Hovering over the wounded body of their god-in-human-form, three medieval figures give silent testimony to their grief in a sculpture acquired last week by the Minneapolis Institute of Arts. Known as "The Lamentation of Christ," the 4-foot-wide sculpture was carved from pine and painted about 1490 by an Austrian artist, Hans Schnatterpeck.

Brows furrowed in sympathetic pain and sorrow, John the Evangelist, Mary the mother, and Mary Magdalene gaze at Jesus' gaunt and graying face, hold his head, reach out to cradle him. Their taut faces and pinched lips suggest the stoic reserve of those who have often known death but are not reconciled to its inevitability.

Hence the tears. Sinking gracefully into a half-crouch at Jesus' feet, Mary Magdalene has the delicate poise of a ballerina who is simultaneously reaching down and pulling away, her ambivalence driven by the tremulous sorrow that shimmers in her reddened eyes and falls in a single tear. Half hooded by a flowing cape, the eyes of Mary the mother are red-rimmed too, as are those of the disciple who gently supports Jesus' head.

Finding a visual language for grief

Now known only to connoisseurs, Schnatterpeck (1472-1510) was a master carver from the Tyrolean mountains, where artisans of the era had achieved a rare delicacy and expressiveness in an otherwise pedestrian medium.

"Finding a new [visual] language for the expression of grief was one of the great accomplishments of these northern European artists," said Eike Schmidt, the museum's sculpture curator, who spied the piece at an international art fair in the Netherlands this spring and persuaded the institution's trustees to purchase it for an undisclosed sum.

Emotions were very stylized in most European sculpture before about 1500, Schmidt said. Figures would be depicted making rhetorical gestures that signified emotional states -- hands clasped before the chest or fingers touching a cheek would mean sorrow even while the faces retained a masklike calm. Schnatterpeck's more famous contemporaries, including marble-worker Michelangelo in Italy and wood carver Tilman Riemenschneider in Germany, introduced an expressive new naturalism in gesture, posture and poses. In "Lamentation," Schnatterpeck also nicely deployed the painted tear, a device invented earlier in the century by the Flemish artist Rogier van der Weyden.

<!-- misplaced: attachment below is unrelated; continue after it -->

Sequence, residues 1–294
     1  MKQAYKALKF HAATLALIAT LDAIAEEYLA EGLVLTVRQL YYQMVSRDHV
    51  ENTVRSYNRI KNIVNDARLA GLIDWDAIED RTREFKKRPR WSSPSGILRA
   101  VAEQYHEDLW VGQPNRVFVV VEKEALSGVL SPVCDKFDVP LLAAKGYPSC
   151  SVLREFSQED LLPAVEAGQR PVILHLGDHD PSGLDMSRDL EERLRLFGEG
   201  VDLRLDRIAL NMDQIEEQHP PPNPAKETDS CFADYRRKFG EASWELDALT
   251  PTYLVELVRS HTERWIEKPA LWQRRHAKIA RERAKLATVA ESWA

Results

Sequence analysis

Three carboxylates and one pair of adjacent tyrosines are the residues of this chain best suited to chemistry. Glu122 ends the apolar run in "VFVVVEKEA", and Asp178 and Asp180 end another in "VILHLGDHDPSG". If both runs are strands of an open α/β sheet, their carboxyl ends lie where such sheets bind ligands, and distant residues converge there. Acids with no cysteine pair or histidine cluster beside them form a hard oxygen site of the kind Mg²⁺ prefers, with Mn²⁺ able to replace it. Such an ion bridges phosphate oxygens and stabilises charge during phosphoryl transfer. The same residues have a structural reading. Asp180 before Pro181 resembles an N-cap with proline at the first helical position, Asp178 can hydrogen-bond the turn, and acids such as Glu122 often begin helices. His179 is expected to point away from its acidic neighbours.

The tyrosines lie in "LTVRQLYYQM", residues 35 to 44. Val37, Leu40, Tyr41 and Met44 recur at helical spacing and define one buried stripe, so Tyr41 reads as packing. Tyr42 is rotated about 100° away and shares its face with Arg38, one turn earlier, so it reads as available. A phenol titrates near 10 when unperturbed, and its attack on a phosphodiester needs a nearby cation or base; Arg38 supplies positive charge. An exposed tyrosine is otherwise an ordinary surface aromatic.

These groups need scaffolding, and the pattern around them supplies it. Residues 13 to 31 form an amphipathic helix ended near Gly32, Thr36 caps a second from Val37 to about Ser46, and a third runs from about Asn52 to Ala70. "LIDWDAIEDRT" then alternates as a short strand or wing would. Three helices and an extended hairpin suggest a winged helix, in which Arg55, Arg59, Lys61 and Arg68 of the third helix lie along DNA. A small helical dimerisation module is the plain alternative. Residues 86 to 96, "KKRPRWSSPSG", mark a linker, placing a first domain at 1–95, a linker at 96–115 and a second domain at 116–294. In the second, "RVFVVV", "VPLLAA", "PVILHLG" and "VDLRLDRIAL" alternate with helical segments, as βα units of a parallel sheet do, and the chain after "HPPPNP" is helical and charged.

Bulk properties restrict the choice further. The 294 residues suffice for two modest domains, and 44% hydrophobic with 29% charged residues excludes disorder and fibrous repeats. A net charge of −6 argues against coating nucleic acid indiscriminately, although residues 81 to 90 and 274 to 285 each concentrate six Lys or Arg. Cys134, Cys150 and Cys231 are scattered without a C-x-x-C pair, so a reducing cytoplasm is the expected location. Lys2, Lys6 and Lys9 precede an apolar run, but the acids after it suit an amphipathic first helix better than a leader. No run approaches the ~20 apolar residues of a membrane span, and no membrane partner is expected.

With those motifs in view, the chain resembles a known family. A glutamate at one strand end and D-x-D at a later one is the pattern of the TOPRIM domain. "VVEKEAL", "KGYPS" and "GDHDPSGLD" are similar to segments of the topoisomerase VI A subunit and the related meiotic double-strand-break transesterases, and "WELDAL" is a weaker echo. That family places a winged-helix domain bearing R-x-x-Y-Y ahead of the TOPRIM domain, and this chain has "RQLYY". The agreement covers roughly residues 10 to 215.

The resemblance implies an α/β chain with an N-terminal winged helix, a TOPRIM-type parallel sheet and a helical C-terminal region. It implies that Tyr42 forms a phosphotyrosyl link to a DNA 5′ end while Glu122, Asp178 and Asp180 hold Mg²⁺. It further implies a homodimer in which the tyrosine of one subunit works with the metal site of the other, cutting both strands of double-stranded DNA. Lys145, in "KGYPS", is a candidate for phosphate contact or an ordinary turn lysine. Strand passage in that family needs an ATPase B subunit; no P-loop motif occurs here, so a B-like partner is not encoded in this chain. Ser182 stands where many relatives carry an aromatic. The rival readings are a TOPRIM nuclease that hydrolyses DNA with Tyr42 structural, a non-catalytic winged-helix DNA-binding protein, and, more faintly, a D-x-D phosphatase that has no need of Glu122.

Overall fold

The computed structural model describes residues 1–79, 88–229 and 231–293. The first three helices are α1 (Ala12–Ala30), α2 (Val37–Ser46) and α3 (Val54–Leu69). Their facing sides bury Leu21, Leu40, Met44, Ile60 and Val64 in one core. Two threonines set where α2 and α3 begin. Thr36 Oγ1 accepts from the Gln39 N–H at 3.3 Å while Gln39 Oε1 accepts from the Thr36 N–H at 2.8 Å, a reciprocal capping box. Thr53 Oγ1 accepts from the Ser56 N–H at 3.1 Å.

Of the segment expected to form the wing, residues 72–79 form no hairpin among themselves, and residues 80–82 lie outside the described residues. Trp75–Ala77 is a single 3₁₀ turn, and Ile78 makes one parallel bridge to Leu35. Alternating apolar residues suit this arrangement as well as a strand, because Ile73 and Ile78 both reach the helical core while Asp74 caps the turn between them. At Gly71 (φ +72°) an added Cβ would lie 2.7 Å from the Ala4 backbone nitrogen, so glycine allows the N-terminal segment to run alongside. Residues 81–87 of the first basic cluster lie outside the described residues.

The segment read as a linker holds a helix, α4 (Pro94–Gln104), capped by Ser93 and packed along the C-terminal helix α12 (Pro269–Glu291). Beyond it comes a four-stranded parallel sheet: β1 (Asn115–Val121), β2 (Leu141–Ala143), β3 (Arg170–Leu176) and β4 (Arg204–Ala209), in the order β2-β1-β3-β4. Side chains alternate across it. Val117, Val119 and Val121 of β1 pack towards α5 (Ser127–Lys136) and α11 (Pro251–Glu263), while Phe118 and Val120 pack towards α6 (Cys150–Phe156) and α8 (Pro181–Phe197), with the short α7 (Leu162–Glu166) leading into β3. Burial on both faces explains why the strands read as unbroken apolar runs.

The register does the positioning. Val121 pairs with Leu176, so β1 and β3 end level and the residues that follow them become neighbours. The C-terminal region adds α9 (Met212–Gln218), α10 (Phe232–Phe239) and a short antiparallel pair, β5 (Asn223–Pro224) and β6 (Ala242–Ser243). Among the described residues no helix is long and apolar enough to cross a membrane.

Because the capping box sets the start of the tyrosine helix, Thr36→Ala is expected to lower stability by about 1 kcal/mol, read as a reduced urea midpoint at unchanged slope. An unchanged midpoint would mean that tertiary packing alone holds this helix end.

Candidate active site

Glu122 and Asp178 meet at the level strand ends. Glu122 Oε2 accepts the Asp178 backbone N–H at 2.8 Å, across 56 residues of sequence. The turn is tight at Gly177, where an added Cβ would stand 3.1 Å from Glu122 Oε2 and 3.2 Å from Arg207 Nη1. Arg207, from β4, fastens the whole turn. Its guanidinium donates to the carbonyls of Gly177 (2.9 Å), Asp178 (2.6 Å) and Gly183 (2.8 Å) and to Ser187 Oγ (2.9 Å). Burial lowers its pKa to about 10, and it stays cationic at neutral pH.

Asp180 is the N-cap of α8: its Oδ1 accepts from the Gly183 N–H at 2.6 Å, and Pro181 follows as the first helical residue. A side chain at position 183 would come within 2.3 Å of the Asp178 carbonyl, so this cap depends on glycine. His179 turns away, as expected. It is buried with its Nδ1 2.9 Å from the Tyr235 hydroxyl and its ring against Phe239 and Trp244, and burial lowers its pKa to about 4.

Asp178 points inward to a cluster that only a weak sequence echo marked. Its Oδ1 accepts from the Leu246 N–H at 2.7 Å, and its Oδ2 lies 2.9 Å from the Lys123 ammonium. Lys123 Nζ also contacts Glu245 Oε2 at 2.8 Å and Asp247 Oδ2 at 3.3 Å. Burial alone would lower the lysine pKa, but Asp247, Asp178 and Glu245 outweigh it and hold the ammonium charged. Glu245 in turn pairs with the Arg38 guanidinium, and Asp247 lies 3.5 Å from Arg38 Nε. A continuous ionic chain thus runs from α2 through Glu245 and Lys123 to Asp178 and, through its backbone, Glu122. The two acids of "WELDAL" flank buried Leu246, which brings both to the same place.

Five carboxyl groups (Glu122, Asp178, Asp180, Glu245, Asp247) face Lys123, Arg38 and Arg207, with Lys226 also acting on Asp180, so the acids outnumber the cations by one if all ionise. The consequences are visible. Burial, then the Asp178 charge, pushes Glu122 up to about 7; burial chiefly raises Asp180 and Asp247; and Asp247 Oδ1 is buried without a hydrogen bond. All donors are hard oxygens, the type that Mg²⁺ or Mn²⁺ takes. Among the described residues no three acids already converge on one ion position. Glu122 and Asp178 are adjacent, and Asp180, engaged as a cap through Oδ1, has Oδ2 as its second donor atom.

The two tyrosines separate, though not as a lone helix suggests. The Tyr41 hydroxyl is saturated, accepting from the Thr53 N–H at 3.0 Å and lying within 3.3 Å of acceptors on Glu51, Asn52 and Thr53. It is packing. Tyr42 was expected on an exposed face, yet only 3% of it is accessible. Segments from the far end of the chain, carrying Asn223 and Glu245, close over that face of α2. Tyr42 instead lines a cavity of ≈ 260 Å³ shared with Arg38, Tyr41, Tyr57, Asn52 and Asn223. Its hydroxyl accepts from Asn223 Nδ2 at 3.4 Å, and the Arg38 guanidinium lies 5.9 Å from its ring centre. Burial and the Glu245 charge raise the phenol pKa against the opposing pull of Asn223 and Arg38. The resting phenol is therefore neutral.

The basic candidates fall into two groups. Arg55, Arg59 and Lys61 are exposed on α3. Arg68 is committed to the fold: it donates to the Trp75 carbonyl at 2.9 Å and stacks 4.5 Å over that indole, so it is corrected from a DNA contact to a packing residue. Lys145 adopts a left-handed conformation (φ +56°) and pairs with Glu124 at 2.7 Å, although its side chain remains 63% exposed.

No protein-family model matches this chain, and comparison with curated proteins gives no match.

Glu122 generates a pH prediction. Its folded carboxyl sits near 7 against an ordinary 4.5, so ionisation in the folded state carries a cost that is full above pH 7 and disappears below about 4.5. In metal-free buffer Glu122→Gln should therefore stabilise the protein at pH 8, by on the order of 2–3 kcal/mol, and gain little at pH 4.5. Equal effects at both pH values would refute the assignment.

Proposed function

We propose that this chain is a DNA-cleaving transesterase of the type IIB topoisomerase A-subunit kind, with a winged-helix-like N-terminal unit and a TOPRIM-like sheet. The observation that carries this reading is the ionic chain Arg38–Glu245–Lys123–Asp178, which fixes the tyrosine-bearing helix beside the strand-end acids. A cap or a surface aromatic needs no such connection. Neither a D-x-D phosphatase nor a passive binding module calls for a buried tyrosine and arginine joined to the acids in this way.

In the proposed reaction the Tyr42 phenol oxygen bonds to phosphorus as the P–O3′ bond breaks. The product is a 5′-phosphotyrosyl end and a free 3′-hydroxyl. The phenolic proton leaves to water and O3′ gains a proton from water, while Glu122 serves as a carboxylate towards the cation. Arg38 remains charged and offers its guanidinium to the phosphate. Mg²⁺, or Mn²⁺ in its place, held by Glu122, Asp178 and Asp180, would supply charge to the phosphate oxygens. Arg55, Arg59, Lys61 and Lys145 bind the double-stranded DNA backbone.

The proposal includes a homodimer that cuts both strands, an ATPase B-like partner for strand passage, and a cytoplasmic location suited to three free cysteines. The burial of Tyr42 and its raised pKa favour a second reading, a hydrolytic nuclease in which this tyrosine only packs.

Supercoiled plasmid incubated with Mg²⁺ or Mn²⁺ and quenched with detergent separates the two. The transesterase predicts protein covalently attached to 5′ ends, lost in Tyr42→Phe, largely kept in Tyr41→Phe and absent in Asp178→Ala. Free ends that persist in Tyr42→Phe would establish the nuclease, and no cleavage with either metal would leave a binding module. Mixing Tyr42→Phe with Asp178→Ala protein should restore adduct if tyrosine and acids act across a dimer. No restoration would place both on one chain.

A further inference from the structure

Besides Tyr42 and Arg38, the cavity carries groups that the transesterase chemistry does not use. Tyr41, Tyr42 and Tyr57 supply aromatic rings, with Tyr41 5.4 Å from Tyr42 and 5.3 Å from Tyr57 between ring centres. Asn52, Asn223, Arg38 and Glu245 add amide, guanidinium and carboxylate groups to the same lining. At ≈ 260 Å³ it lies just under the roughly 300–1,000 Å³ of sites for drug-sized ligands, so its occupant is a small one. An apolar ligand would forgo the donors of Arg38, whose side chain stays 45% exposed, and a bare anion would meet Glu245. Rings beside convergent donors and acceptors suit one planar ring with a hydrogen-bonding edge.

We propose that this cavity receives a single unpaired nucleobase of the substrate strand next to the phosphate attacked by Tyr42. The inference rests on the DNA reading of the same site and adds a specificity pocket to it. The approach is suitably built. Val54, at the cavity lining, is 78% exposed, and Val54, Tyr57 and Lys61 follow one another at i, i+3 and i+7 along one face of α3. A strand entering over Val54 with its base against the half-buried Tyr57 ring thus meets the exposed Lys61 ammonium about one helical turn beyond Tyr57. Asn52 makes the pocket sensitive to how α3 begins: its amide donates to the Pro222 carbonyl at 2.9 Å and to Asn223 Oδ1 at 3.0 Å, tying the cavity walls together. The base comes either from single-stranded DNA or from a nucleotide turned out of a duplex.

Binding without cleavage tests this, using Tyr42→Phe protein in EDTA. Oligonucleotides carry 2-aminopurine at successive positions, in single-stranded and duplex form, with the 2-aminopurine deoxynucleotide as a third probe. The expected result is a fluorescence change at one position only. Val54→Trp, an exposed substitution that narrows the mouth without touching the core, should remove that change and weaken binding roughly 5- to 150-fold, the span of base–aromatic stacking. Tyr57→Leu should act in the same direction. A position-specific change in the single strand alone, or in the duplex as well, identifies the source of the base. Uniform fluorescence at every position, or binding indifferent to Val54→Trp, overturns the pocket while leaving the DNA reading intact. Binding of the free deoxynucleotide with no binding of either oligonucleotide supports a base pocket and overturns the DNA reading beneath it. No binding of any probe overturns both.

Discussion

Following Tyrolean fashion of the time, Schnatterpeck painted and gilded the "Lamentation" figures. The pale flesh and stained eyes of the living contrast with Christ's pallor and bloody wounds. His brutalization is further dramatized by a swollen lump of flesh above the nail hole in his foot, a grisly reminder of how his body would have slumped on the cross. That unflinching and somewhat ghoulish naturalism, coupled with the figures' agitated drapery, heightens the psychological and spiritual impact of the piece.

Its aesthetic value is greatly enhanced by its original paint and luxurious gilding. The color was stripped from many such sculptures during the 19th century when museums and collectors preferred natural wood. "People then wanted to be true to the material, not to the period," Schmidt said.

Gap in the museum's collection

The purchase fills an important gap in the collection of the institute, which has no Tyrolean work and little if any Late Gothic sculpture.

Following a long-established buying strategy, the museum is trying to snap up important pieces in fields that are currently unfashionable and therefore less costly. In the first half of the 20th century, Late Gothic wood sculpture was highly prized with prices to match, Schmidt said, but after World War II it lost its cachet. Recently, however, the tide began to turn again. In 2008 a saint carved by the always admired Riemenschneider (1460-1531) set the record when it fetched $6.3 million at Sotheby's.

The Schnatterpeck has a curious history of its own. For nearly a century it was owned by a museum in Innsbruck, Austria, but in 1980 it was exchanged, along with 12 other pieces, for a madonna attributed to Riemenschneider. Ironically, that madonna was subsequently downgraded to "school of Riemenschneider," a much less desirable pedigree.

Although institute officials declined to say what they paid for the Schnatterpeck, Schmidt did allow that "you could say it was less than a 10th the price of the Riemenschneider."